Culture secretary calls time on funding method that has served corporation for 76 years

The licence fee will be scrapped as the BBC’s funding method in 2027, according to culture secretary Nadine Dorries.

Nadine Dorries

Nadine Dorries

She retweeted a Mail on Sunday story this morning which postulates that the licence fee will be frozen for the next two years and replaced when the Royal Charter concludes in five years’ time. Work on establishing the new funding method could begin as early as next week.

Re-posting the article, Dorries said: “This licence fee announcement will be the last. The days of the elderly being threatened with prison sentences and bailiffs knocking on doors, are over. Time now to discuss and debate new ways of funding, supporting and selling great British content.”

The article itself, endorsed by Dorries on the social media platform, goes even further.

In it, an ally of the MP for Mid Bedfordshire states: “‘There will be a lot of anguished noises about how [the strategy] will hit popular programmes, but they can learn to cut waste like any other business.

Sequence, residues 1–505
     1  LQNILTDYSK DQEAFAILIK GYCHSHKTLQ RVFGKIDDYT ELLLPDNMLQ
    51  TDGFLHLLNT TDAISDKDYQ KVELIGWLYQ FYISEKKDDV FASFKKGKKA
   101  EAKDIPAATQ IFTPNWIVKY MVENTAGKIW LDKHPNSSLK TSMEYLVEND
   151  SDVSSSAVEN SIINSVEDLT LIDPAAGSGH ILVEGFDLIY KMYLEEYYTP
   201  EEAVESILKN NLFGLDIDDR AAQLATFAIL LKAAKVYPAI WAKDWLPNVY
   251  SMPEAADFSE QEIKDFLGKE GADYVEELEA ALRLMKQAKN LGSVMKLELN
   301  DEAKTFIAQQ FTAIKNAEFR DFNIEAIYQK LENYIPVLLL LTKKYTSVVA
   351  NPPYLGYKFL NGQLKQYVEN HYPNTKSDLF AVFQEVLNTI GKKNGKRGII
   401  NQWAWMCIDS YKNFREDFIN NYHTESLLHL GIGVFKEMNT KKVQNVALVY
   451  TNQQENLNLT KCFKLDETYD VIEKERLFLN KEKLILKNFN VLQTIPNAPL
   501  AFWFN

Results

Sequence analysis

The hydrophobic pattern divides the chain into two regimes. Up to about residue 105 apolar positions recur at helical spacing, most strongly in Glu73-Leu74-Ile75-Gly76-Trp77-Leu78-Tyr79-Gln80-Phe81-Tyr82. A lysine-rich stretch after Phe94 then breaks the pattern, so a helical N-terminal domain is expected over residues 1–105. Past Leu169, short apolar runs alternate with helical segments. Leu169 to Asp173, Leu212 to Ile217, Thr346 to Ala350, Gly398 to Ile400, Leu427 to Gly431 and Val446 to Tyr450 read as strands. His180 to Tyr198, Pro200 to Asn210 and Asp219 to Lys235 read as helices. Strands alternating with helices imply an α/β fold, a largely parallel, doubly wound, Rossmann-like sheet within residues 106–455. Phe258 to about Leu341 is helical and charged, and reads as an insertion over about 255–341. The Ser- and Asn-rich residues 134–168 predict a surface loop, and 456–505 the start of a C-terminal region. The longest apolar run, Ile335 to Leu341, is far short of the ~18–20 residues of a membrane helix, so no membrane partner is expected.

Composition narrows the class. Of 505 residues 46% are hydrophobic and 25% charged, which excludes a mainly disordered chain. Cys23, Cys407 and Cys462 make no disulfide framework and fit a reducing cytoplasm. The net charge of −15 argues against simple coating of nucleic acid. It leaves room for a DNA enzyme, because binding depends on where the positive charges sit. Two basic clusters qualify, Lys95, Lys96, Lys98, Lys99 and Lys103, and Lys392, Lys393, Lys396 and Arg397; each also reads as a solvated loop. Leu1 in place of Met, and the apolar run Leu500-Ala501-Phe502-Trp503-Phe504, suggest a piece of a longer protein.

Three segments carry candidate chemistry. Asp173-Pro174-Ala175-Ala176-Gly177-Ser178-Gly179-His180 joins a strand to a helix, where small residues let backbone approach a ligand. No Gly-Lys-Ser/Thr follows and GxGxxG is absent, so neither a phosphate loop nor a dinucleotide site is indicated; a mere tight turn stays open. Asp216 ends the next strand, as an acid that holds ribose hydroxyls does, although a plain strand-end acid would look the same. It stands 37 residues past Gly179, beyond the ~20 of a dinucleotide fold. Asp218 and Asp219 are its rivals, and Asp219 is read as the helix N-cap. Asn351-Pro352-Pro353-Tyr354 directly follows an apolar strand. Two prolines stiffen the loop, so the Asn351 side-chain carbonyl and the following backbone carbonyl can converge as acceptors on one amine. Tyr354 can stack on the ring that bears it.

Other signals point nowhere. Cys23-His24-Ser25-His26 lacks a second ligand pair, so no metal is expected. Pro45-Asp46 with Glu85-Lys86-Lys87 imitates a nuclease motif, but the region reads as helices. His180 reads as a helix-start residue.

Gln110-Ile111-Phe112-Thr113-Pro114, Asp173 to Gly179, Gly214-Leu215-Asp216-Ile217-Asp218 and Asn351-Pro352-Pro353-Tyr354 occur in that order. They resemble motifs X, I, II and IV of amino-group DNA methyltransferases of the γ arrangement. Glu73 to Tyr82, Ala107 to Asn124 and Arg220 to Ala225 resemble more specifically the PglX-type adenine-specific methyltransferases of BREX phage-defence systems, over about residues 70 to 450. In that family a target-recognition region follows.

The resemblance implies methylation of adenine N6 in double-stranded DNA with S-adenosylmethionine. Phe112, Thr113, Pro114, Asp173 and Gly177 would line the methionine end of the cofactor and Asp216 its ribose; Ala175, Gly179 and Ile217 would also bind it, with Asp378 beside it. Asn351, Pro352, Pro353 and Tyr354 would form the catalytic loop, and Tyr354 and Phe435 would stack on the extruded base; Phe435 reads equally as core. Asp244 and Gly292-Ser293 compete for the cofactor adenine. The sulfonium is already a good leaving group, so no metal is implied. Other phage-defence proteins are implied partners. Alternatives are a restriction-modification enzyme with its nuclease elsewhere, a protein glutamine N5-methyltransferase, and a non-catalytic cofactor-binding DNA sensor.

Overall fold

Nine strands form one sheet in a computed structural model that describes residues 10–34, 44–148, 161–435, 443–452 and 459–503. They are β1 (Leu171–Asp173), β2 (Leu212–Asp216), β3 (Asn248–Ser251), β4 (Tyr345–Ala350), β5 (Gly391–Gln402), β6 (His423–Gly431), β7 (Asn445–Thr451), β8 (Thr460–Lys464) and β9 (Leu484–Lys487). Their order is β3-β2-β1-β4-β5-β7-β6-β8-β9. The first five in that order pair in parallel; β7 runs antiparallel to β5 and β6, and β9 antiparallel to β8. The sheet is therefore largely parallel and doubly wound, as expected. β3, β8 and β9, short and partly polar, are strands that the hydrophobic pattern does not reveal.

“This will be the last BBC licence fee negotiation ever. Work will start next week on a mid-term review to replace the Charter with a new funding formula.

“It’s over for the BBC as they know it.”

The next general election is due to be held in May 2024, three years ahead of the conclusion current charter.

Elsewhere in the article, the day’s of “state-run [sic] TV are over”, which could have implications for of the future ownership of Channel 4. The goverment’s decision over the preferred ownership model of the broadcaster is due shortly.  

BBC director general director Tim Davie wrote a passionate defence of the licence fee in The Times on 2 January. He pledged that the BBC, which celebrates its centenary in 2022, will “work tirelessly to offer every single household outstanding value for the licence fee.”

Moving away from a universal licence fee would almost inevitably mean a significant reduction in the corporation’s income. In the year 2020/21 it received £3.75bn from the licence fee, which is currently set at £159.

Both the Mail on Sunday and the Sunday Times are reporting this morning (16 January) that it will be frozen at that level for the next two years, before rising in the final three years of the settlement. The initial freeze would mean a significant real terms cut, which could require savings of circa £2bn over the remainder of the charter.